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Menopause and The Lymphatic System

What is the link between lymph and the menopause? 
Menopause is a normal part of the ageing process and with it comes some unpleasant side effects such as hot flushes, insomnia, depression, headaches, bloating and weight gain.  
But is there really a link between the lymphatic system and our hormones? 
When your body is toxin-free, it’s easier to maintain internal balance and manage stress effectively – two things you really need to ease the discomforts of menopause.

Only 1 Manual Lymphatic Drainage treatment can really do everything from boosting your immunity, to reducing stress, the appearance of cellulite, improving skin tone, aiding better digestion, alleviating bloating and promoting better sleep.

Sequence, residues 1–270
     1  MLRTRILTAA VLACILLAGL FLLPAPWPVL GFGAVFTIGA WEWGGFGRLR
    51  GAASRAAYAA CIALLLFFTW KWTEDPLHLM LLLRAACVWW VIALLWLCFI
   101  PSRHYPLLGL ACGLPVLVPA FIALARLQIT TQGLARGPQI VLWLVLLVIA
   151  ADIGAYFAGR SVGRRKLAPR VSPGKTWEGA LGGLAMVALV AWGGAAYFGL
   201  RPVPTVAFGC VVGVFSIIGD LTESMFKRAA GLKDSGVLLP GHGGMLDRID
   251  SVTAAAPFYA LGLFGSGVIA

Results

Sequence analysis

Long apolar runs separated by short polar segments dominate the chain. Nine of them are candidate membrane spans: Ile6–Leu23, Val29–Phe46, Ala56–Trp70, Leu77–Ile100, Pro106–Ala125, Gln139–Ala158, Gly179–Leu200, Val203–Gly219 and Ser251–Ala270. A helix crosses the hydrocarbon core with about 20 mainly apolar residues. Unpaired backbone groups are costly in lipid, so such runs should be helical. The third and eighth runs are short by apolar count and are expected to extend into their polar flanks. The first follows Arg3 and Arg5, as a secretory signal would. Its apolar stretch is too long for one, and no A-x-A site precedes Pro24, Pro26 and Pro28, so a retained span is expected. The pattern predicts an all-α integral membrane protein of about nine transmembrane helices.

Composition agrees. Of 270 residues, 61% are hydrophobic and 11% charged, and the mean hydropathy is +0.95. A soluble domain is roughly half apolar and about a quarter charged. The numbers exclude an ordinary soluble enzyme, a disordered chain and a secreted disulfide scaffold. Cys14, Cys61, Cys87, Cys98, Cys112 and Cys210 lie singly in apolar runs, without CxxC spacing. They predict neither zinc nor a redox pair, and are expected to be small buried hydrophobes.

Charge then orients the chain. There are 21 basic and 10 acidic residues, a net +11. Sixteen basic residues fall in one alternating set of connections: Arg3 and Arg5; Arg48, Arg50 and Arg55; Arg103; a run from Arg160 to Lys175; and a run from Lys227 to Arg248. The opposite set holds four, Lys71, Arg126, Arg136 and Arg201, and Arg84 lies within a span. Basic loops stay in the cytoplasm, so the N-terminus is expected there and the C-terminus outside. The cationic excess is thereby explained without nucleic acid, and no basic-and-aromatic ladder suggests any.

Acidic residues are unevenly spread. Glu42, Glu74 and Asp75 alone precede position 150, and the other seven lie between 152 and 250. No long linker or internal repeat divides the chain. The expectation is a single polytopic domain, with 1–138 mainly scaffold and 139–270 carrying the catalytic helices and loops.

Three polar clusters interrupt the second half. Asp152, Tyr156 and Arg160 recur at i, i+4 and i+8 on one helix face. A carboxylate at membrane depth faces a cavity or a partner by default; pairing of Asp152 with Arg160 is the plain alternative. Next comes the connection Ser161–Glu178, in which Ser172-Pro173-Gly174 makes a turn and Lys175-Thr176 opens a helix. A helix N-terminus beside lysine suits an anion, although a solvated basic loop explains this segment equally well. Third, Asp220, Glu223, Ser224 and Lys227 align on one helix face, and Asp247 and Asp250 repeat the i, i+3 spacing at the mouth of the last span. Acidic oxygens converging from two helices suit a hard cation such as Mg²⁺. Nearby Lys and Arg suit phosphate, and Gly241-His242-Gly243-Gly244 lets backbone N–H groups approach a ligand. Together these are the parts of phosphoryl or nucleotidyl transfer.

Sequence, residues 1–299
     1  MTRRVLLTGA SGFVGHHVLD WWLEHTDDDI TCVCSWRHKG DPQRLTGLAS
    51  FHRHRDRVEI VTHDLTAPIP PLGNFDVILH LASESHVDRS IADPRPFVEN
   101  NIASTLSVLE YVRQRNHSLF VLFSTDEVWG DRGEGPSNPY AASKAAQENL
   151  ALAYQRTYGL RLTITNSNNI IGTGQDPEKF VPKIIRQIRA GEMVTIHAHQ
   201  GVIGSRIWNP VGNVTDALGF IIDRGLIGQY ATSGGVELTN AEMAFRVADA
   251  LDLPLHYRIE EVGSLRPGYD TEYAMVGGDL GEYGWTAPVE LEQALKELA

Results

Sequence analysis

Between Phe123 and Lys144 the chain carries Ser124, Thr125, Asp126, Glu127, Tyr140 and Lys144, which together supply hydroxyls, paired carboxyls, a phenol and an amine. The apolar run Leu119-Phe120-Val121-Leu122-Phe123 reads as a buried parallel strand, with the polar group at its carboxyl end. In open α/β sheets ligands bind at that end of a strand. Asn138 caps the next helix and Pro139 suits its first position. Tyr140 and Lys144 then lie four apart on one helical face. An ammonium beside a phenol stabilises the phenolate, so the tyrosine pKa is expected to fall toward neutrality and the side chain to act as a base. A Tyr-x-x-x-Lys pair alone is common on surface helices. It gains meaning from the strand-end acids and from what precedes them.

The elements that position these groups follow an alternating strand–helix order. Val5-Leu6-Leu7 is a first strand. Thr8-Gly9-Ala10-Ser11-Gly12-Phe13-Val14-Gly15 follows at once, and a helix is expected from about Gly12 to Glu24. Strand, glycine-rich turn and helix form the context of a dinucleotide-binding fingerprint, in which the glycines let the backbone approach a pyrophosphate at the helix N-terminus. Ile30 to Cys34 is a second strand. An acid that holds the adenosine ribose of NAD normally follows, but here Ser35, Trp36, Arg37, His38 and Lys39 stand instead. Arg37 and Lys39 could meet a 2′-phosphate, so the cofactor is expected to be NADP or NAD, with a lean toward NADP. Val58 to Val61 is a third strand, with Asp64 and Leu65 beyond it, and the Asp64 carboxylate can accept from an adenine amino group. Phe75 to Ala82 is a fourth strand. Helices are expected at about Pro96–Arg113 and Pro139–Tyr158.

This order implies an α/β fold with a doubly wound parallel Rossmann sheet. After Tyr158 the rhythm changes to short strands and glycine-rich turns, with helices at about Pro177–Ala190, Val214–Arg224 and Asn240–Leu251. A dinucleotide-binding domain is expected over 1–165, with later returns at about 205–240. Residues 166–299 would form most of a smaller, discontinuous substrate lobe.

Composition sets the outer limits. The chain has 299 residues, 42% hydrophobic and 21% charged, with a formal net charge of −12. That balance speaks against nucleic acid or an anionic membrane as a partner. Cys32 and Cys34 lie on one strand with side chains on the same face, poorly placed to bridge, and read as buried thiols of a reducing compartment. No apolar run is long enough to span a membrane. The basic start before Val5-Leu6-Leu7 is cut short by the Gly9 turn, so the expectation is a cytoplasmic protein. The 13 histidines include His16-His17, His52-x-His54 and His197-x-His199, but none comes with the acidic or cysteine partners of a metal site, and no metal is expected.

According to Ginger Nash – a lecturer and practitioner in Naturopathic Medicine and expert in the field of women’s health and hormone balance, the lymphatic system is absolutely critical in treating almost every single chronic health issue including hormonal health.
The science bit – What is the lymphatic system and how does it work?
Your lymphatic system is a vast circulatory system that interfaces with the blood vessels to carry away fluid and waste proteins from the interstitial space or extracellular matrix (ECM) – in essence the area between your cells.  It’s a very complex, finely balanced network of vessels, tissues and organs.
The lymphatic system collects and transports this fluid (now called lymph) from the tissues to return it to the bloodstream.
This system is vital for maintaining fluid balance, and protecting our bodies as it forms part of the immune system (producing lymphocytes or white blood cells to fight infection), removing waste products and abnormal cells, and absorbing fats and proteins from the intestines and taking them back into our blood so we can use them as fuel.